To verify that the stack is non-executable after compiling use:
scanelf -e ./bitcoin
the output should contain: STK/REL/PTL RW- R-- RW-
The STK RW- means that the stack is readable and writeable but not executable.
When the intention is to run only a P2P node without a wallet, bitcoin may be compiled in disable-wallet mode with:
Mining is also possible in disable-wallet mode, but only using the
Additional Configure Flags
A list of additional configure flags can be displayed with:
Setup and Build Example: Arch Linux
This example lists the steps necessary to setup and build a command line only, non-wallet distribution of the latest changes on Arch Linux:
pacman -S git base-devel boost libevent python git clone https://github.com/bitcoin-sv/bitcoin-sv cd bitcoin-sv/ ./autogen.sh ./configure --disable-wallet --without-miniupnpc make check
These steps can be performed on, for example, an Ubuntu VM. The depends system will also work on other Linux distributions, however the commands for installing the toolchain will be different.
Make sure you install the build requirements mentioned above. Then, install the toolchain and curl:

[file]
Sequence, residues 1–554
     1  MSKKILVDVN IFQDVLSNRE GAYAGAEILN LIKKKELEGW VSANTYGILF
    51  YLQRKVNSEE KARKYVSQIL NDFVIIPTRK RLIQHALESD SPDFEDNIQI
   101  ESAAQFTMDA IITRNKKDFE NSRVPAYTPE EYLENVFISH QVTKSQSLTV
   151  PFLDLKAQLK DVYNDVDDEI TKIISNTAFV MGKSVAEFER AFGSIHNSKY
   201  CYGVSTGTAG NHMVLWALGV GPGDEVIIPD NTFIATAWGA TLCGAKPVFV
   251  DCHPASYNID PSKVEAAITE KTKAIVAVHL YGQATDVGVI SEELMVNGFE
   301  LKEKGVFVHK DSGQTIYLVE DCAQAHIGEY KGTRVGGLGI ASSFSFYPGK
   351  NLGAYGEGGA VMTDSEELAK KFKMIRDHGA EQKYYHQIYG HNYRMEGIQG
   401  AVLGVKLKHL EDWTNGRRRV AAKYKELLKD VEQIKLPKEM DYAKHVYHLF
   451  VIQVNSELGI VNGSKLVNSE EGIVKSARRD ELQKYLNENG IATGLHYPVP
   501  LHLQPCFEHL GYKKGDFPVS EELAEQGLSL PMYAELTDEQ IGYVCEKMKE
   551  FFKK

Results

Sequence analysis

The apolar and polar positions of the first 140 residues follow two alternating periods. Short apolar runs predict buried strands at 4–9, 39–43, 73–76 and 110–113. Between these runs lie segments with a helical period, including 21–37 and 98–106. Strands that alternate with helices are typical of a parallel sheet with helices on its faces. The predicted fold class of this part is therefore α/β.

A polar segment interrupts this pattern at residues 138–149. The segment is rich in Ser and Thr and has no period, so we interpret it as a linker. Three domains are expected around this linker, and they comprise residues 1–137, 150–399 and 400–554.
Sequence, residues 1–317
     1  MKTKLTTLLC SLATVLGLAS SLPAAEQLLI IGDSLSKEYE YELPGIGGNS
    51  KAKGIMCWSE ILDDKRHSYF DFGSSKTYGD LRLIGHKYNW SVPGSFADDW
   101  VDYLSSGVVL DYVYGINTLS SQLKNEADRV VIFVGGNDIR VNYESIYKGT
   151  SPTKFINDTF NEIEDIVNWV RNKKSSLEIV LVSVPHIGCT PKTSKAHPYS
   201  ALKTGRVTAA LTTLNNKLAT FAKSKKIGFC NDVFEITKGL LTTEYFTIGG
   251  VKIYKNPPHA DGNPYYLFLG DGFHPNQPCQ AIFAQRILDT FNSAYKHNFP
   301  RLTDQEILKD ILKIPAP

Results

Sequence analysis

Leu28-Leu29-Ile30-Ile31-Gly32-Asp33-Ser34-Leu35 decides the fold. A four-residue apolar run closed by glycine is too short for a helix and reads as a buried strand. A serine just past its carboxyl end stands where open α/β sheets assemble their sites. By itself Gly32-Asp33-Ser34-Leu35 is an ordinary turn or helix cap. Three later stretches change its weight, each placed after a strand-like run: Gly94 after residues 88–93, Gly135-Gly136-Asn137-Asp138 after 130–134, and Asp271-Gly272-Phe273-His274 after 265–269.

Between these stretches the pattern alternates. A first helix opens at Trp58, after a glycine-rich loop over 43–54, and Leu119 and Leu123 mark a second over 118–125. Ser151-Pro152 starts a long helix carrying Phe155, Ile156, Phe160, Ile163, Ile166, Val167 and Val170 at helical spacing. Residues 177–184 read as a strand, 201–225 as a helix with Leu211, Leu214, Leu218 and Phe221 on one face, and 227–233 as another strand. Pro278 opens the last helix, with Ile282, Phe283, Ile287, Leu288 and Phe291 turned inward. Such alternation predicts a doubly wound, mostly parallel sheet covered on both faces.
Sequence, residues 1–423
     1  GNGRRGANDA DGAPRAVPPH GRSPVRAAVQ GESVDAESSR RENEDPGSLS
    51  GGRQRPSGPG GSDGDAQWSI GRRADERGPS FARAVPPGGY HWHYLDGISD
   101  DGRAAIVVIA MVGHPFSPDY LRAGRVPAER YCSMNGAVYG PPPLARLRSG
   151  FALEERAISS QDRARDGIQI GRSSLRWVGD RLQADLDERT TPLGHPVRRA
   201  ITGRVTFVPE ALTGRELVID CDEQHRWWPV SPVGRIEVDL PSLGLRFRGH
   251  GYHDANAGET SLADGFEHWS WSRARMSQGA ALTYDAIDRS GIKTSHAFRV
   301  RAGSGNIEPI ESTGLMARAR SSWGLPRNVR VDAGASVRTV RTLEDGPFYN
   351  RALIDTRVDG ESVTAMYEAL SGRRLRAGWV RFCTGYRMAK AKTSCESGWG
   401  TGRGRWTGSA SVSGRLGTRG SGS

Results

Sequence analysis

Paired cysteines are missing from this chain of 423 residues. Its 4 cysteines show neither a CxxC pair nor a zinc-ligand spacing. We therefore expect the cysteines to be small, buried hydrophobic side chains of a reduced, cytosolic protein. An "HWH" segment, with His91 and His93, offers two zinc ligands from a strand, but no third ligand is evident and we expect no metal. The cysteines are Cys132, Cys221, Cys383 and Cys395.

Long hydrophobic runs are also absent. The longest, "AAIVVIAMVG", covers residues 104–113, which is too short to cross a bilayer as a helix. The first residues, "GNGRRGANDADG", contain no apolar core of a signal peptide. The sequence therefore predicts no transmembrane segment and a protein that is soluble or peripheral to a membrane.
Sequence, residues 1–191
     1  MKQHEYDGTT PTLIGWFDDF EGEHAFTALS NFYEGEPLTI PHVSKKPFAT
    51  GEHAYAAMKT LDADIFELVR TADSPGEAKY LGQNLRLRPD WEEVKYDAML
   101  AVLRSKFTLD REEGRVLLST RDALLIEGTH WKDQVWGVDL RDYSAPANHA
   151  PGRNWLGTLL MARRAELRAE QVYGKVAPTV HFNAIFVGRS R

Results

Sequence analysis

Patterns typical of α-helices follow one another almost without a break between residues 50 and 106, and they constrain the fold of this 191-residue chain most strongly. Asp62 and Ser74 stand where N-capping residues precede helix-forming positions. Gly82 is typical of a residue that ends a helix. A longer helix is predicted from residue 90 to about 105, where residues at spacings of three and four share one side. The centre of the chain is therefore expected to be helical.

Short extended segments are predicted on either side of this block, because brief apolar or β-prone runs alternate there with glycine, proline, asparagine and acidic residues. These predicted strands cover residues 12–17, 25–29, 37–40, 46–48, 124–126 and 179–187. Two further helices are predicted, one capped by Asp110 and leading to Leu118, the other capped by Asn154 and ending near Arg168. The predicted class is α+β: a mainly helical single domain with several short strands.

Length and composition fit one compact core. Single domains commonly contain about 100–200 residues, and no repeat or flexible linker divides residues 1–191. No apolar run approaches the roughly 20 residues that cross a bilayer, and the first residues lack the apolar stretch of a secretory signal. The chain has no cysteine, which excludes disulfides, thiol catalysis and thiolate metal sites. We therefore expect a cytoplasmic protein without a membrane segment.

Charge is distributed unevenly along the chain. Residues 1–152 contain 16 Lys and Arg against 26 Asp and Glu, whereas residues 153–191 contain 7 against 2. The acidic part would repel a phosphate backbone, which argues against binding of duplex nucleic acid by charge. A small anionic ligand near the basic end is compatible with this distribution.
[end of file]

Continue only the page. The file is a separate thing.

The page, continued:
sudo apt-get install g++-arm-linux-gnueabihf curl
To build executables for ARM:
cd depends make HOST=arm-linux-gnueabihf cd .. ./configure --prefix=$PWD/depends/arm-linux-gnueabihf --enable-glibc-back-compat --enable-reduce-exports LDFLAGS=-static-libstdc++ make
For further documentation on the depends system see README.md in the depends directory.
Building on FreeBSD
(Updated as of FreeBSD 11.0)
Clang is installed by default as
cc compiler. Installing dependencies:
pkg install autoconf automake libtool pkgconf pkg install boost-libs openssl libevent gmake
libressl instead of
openssl will also work)
For the wallet (optional):
pkg install db5
This will give a warning "configure: WARNING: Found Berkeley DB other than 4.8; wallets opened by this build will not be portable!", but as FreeBSD never had a binary release, this may not matter. If backwards compatibility with 4.8-built Bitcoin Core is needed follow the steps under "Berkeley DB" above.
Also, if you intend to run the regression tests (qa tests):
pkg install python3
Then build using:
With wallet support:
./configure --without-miniupnpc --with-incompatible-bdb BDB_CFLAGS="-I/usr/local/include/db5" BDB_LIBS="-L/usr/local/lib -ldb_cxx-5"
Without wallet support:
./configure --without-miniupnpc --disable-wallet
Then to compile:
Note on debugging: The version of
gdb installed by default is ancient and considered harmful.
It is not suitable for debugging a multi-threaded C++ program, not even for getting backtraces. Please install the package
use the versioned gdb command e.g.